Canadian healthcare analyzed by Robert Gordon…

Robert Gordon • Alan P obliges me to comment on drug availability in Canada and on recourse to the US private sector for healthcare services. I comment first on DRUGS.

In Canada, healthcare (“The Establishment, Maintenance, and Management of Hospitals, Asylums, Charities”) is explicitly made a provincial responsibility by Section 92.7 of the BNAct 1867, Canada’s founding written Constitution. In subsequent supreme court (Privy Council) decisions, a decentralized (“States’ Rights”) interpretation was entrenched. In 1968 and 1984, the federal government got laws to put funding pressure on Provincial laws in healthcare, thus resulting in a great deal of uniformity (portability). Hence, each Province has its own legal structure for these matters, but there is a general similarity too. So it makes sense to speak of Canada’s system, noting Provincial differences by exception.

DRUGS. Access to drugs is not included in Canada’s healthcare system (except implicitly during hospitalization – about 10% of total drug costs partly due to manufacturers’ willingness to “negotiate” very low prices for hospitals). There is a federal FDA-like organization that approves the sale of drugs in Canada based on safety and efficacy. Another national agency, PMPRB, tracks global pricing and caps Canadian patented drugs at a 12-country (incl the USA, whose relatively very high prices fund most of the discovery research in the world) average. There is another national organization that does cost-benefit analysis of new drugs or new indications and recommends (which can seem to be ignored by provinces) use, non-use, prices (on scales). Each province also maintains a provincial formulary, mainly to control Provincial spending (so some new drugs may not be available). Each province has some sort of drug plan for seniors and the poorest; and this coverage has been expanding as all tax-paid entitlements do. The increasing total cost of drugs as a portion of healthcare expenditure has led to quite noticeable differences among provinces as to what will be covered under provincial plans; lags on coverage can take several years. Prices on generic drugs have for the past few decades been much lower in the free-market US than in regulated Canada (and some seniors found it cheaper to drive across the border to get drugs at Walgrens rather than pay the Provincial Plan deductibles etc.). But that discrepancy is being addressed by selective use of market mechanisms such as sole-supply auctions, legislative capping relative to patent price etc.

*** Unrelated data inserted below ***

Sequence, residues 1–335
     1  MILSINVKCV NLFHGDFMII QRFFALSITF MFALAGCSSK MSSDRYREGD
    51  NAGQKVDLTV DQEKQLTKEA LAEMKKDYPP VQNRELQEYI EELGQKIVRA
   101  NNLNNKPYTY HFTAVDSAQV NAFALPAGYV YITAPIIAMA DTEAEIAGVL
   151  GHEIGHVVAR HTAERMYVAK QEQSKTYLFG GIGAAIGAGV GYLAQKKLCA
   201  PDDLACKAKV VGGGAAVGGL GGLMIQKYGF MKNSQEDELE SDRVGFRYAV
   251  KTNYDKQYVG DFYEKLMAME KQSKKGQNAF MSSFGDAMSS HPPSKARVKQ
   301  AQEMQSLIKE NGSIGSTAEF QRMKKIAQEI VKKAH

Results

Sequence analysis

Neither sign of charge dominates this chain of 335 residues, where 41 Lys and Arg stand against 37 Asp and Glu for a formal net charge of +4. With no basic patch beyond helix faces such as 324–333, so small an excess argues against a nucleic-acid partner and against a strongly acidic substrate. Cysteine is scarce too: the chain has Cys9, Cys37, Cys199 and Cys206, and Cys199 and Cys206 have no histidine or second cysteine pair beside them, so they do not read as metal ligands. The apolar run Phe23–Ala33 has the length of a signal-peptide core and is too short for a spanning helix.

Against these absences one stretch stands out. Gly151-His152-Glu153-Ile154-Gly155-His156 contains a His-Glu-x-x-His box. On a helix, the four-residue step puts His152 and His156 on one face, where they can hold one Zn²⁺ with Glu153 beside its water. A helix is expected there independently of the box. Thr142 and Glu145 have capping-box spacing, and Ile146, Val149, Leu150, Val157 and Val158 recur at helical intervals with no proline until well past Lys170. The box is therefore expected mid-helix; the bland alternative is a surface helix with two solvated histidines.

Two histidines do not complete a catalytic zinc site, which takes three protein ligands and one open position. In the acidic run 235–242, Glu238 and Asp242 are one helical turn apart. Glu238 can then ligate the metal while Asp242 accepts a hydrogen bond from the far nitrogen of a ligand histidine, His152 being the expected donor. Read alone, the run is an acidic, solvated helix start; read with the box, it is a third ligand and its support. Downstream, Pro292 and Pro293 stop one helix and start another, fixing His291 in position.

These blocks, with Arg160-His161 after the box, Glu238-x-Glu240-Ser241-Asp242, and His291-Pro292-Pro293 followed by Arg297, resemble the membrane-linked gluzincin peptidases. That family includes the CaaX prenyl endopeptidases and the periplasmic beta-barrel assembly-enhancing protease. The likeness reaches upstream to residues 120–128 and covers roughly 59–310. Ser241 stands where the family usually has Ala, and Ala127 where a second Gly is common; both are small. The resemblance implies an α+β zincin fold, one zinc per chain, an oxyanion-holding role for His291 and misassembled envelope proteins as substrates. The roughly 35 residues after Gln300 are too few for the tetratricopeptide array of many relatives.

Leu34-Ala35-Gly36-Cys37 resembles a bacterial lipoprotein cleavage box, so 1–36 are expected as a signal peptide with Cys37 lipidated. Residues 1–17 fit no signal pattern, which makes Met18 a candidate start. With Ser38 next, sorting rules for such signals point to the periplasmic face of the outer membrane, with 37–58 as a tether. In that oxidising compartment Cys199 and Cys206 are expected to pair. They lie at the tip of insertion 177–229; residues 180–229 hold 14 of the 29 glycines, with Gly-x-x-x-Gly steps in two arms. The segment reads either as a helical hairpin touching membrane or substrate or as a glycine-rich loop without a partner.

Next on Services.

5 minutes ago• Like

Robert Gordon • Now on Services.

[Constitutionality note repeated] In Canada, healthcare (“The Establishment, Maintenance, and Management of Hospitals, Asylums, Charities”) is explicitly made a provincial responsibility by Section 92.7 of the BNAct 1867, Canada’s founding written Constitution. In subsequent supreme court (Privy Council) decisions, a decentralized (“States’ Rights”) interpretation was entrenched. In 1968 and 1984, the federal government got laws to put funding pressure on Provincial laws in healthcare, thus resulting in a great deal of uniformity (portability). Hence, each Province has its own legal structure for these matters, but there is a general similarity too. So it makes sense to speak of Canada’s system, noting Provincial differences by exception.